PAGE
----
When it comes to saving for retirement, there are plenty of potential pitfalls to avoid. But one that often gets overlooked is failing to plan for inflation, because inflation can be one of the biggest threats to sustaining income throughout your retirement.

Inflation is the rate of increase in prices over a given period. Based on the Consumer Price Index (CPI), annual inflation has historically averaged around 3%, but in recent years, it’s been closer to 2%. This means that while inflation hasn’t been a significant factor recently, it’s not unreasonable to think that at some point down the road, inflation will rise.

Why Rising Inflation Can Be Problematic

The reason that rising inflation can be such an issue is because its effects go largely unnoticed. If the market falls 2–3% in a year, you’ll notice the drop on your account statements. With inflation, it’s hard to notice its effects. There is no 2–3% drop in your statements because of the higher cost of goods and services. You’ll simply pay a bit more for the things you regularly purchase. When your cost of living rises every year, the same amount of money buys less and less over time.

That loss of purchasing power can really add up. Assuming a 3% annual rate of inflation, a family that lives on $50,000 today will need over $90,000 in 20 years to maintain that same standard of living. For retirees living on a fixed budget, those higher costs can pose a significant challenge.

What You Can Do to Take On Inflation

While it may slow down (or even stagnate), inflation, unfortunately, isn’t likely to go anywhere. Since 1914, there have only been 13 instances of deflation (prices declining), most notably during a seven-year stretch around the Great Depression. This means that in the last 107 years, prices have increased annually in 94 of them. So, it stands to reason that inflation is something you should expect and plan for. But what can you do?

Diversification

One way to combat inflation is to maintain a well-diversified portfolio both before and after you retire, which means including an allocation to equities. It’s important to remember that diversifying your allocation based on your time horizon can actually help to lessen your market risk.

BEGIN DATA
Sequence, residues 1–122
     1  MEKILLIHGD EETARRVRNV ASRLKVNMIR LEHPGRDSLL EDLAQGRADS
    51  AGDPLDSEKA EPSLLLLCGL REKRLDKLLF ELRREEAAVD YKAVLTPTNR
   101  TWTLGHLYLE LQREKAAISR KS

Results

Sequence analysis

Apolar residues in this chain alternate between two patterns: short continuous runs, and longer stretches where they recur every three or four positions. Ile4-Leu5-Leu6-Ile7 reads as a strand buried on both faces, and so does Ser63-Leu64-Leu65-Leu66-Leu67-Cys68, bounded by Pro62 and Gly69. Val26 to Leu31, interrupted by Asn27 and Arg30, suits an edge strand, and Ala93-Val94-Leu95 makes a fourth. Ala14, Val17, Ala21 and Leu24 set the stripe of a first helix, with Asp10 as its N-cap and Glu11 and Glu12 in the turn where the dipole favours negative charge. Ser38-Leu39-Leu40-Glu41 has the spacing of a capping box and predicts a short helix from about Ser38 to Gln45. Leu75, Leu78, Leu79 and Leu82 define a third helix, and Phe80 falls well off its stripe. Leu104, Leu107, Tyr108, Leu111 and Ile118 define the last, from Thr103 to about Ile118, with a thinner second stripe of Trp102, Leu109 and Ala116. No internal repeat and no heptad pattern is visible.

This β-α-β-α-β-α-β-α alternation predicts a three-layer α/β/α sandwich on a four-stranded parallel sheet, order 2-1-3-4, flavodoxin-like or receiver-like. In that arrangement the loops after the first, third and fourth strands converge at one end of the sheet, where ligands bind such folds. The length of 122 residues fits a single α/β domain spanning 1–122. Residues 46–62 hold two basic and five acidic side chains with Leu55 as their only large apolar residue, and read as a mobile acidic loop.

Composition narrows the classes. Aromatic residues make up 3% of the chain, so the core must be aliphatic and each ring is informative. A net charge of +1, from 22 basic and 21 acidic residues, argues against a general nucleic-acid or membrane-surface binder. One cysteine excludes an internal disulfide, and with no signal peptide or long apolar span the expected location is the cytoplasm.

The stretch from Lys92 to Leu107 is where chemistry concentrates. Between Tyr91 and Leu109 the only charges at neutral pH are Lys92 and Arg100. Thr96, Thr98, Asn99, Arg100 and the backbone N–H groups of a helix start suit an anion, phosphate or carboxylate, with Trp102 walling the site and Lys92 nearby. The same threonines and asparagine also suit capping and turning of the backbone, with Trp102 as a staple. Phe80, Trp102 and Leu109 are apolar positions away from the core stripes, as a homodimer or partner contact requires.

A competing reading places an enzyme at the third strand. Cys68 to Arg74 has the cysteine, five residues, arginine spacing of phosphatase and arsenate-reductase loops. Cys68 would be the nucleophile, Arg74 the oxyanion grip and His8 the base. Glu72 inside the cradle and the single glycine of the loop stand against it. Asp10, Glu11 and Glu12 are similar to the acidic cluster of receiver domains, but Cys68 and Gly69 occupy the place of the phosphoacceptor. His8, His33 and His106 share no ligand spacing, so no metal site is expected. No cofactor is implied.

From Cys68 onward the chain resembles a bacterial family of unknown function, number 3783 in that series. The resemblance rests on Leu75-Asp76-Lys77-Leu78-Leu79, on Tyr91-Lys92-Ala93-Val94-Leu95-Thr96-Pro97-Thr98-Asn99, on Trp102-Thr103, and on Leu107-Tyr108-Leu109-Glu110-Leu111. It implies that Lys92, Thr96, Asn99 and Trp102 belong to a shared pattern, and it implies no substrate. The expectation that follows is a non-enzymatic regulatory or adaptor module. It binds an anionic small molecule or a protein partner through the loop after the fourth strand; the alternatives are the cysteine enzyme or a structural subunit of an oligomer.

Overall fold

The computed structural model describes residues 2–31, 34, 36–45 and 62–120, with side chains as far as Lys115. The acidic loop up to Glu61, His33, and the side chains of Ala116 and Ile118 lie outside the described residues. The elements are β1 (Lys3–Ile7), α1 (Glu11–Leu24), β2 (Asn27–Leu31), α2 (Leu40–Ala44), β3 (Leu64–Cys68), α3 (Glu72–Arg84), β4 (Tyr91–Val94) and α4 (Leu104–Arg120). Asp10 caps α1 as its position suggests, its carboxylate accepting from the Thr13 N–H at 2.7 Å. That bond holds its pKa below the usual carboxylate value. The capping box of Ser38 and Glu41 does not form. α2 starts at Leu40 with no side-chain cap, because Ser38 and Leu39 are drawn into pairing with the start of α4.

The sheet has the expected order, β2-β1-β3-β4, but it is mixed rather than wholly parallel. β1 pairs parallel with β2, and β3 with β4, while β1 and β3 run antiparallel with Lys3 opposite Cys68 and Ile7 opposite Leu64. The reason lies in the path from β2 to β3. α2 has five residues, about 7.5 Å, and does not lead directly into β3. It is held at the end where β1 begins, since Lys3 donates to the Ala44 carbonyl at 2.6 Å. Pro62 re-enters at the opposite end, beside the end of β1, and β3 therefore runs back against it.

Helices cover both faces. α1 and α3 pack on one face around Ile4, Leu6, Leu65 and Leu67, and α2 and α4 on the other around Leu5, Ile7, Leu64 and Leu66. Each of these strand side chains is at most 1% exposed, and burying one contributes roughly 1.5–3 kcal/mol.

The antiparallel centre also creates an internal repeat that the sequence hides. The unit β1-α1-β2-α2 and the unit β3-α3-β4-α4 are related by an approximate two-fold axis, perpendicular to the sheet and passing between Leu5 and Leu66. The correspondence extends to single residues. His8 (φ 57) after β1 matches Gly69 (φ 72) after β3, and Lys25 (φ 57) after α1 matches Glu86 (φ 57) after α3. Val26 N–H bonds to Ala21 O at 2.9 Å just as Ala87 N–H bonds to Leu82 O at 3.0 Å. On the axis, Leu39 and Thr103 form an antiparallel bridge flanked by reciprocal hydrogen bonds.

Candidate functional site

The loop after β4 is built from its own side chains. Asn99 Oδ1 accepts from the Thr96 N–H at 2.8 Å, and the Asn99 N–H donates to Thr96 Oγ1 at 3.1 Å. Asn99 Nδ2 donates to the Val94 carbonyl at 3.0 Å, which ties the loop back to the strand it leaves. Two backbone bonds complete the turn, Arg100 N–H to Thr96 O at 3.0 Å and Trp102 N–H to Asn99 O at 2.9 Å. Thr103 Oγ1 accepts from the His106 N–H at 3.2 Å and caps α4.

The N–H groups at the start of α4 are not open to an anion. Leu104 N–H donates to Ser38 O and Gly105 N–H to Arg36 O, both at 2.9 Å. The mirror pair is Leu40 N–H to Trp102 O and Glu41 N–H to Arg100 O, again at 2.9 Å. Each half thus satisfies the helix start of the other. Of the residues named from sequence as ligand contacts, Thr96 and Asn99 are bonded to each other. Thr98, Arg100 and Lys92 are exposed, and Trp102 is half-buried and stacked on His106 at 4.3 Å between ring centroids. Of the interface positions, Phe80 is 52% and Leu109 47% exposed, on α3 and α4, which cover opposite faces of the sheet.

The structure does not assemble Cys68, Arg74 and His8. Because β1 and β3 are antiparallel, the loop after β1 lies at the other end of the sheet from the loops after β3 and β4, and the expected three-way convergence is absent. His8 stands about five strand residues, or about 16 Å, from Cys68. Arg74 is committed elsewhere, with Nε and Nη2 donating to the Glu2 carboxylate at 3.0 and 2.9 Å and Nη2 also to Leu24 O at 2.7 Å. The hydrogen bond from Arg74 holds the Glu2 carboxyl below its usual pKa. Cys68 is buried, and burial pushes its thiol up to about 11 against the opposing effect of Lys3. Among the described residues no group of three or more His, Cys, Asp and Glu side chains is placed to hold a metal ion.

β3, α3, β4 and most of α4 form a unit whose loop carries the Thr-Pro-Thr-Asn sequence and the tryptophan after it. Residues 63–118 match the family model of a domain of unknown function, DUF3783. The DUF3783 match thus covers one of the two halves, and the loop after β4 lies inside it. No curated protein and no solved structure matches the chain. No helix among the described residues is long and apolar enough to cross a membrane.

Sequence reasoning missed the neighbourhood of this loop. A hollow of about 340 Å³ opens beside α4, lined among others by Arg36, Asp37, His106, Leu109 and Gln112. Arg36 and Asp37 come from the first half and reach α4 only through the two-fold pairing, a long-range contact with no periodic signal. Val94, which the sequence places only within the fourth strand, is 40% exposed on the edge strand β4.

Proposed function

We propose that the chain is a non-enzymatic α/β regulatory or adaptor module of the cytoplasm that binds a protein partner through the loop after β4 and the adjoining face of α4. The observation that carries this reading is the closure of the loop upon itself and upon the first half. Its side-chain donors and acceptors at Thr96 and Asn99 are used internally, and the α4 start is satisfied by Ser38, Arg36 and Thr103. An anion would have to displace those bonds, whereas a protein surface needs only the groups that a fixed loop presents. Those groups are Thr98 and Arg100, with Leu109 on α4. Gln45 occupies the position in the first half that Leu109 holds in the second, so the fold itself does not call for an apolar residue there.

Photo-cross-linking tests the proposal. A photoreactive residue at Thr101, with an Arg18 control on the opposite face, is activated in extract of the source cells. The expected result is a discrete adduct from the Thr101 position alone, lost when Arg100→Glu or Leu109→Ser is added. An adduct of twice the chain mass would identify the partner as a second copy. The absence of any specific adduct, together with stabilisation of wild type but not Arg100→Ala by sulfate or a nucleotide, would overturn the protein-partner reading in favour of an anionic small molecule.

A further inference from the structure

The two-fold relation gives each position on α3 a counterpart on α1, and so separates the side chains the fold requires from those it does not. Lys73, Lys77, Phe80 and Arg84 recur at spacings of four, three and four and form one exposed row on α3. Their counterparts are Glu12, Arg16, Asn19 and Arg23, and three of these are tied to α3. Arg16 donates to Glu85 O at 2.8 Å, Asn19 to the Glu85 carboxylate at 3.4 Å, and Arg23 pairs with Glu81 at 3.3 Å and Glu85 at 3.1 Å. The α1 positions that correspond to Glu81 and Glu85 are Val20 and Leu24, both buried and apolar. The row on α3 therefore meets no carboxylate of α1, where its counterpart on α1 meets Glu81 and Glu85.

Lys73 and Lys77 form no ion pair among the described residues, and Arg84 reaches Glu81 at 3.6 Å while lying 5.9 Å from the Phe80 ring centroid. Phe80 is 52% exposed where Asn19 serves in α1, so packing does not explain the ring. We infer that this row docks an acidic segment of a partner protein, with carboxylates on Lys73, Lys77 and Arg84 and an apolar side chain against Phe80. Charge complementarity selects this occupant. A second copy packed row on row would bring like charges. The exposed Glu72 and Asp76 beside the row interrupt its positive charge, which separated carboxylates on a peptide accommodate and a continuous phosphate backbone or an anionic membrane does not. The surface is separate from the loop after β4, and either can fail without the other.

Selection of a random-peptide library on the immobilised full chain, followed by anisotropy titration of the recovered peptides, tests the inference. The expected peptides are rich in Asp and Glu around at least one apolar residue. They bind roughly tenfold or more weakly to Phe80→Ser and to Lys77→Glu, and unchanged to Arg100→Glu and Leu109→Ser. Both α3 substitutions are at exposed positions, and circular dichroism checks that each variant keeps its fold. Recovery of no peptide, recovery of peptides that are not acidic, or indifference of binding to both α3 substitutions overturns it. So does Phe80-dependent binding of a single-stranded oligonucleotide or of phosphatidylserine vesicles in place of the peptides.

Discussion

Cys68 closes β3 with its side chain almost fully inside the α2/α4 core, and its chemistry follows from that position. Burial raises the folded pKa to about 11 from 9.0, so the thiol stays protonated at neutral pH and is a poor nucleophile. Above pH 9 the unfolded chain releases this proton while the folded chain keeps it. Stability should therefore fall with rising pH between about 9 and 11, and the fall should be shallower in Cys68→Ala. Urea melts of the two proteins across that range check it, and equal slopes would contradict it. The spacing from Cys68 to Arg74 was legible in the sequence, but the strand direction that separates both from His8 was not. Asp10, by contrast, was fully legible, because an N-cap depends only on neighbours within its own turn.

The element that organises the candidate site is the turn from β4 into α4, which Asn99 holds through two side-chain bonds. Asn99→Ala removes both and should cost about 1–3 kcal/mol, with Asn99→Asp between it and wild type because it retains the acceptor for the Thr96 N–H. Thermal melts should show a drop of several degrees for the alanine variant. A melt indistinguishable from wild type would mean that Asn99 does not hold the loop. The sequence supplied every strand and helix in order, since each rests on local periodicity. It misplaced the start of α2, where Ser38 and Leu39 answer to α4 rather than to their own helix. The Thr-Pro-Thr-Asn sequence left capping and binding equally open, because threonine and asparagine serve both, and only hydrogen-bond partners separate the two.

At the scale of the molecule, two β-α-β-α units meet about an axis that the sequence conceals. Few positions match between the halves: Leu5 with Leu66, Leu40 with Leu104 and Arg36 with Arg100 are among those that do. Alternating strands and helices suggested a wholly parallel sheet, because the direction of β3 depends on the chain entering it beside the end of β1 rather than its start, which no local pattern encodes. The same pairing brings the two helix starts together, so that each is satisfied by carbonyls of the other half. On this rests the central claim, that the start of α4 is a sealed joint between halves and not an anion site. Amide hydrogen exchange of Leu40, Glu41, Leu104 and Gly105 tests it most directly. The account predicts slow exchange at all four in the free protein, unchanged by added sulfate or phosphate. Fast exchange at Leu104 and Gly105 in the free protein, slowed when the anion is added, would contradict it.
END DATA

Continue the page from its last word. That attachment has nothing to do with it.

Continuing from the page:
It helps to think of your retirement income in terms of buckets of money. One bucket has short-term money that is very liquid and low risk, allowing you to meet any expected or unexpected daily expenses. Another bucket has your mid-term money. This bucket should have a mix of assets that can include fixed-income investments and a few equities to help pay for any costs you may encounter 5–15 years from now. The third bucket has your long-term money—money you’ll need 15 or more years down the road—and should generally be a heavy allocation of equities. This portion potentially helps you outpace inflation.

By diversifying your assets based on your time horizon, you’ll be able to pull money from safer sources over the short term while still having exposure to the potentially higher returns in the stock market. That way, if there is a market correction, you will hopefully be shielded from the brunt of it.

Treasury Inflation-Protected Securities

A second option is to add Treasury Inflation-Protected Securities (TIPS) to your portfolio. TIPS help eliminate inflation risk to your portfolio, as the principal is adjusted semiannually for inflation based on the CPI while providing a real rate of return guaranteed by the U.S. Government. This means that unlike traditional fixed-income investments, TIPS limit the risk of inflation in your portfolio and help protect your future purchasing power. However, it’s important to note that TIPS are subject to market risk and significant interest rate risk, as their longer duration makes them more sensitive to price declines associated with higher interest rates.

A diversified portfolio is constructed in an attempt to minimize your risks, and one of the most important risks to guard against is inflation. Taking the time to speak with a financial advisor who can review your portfolio and evaluate whether you have a plan for inflation can help protect your retirement spending for years to come.

 

The opinions voiced in this material are for general information only and are not intended to provide specific advice or recommendations for any individual. There is no guarantee that a diversified portfolio will enhance overall returns or outperform a non-diversified portfolio. Diversification does not protect against market risks. Stock investing involves risk including loss of principal.

Melissa Beaumont

Melissa Beaumont

Financial Advisor

CRPC® Melissa has been in the financial services industry since 1996. She joined Wealth Enhancement Group through the 2018 partnership with Cimino Wealth Advisors. Melissa focuses on helping clients and others set and reach their financial goals by preparing and conducting reviews and developing and executing on financial plans. She also helps clients and others navigate and respond to a variety of concerns including life insurance cases, cost basis questions, and more. She and her husband Jay...Read More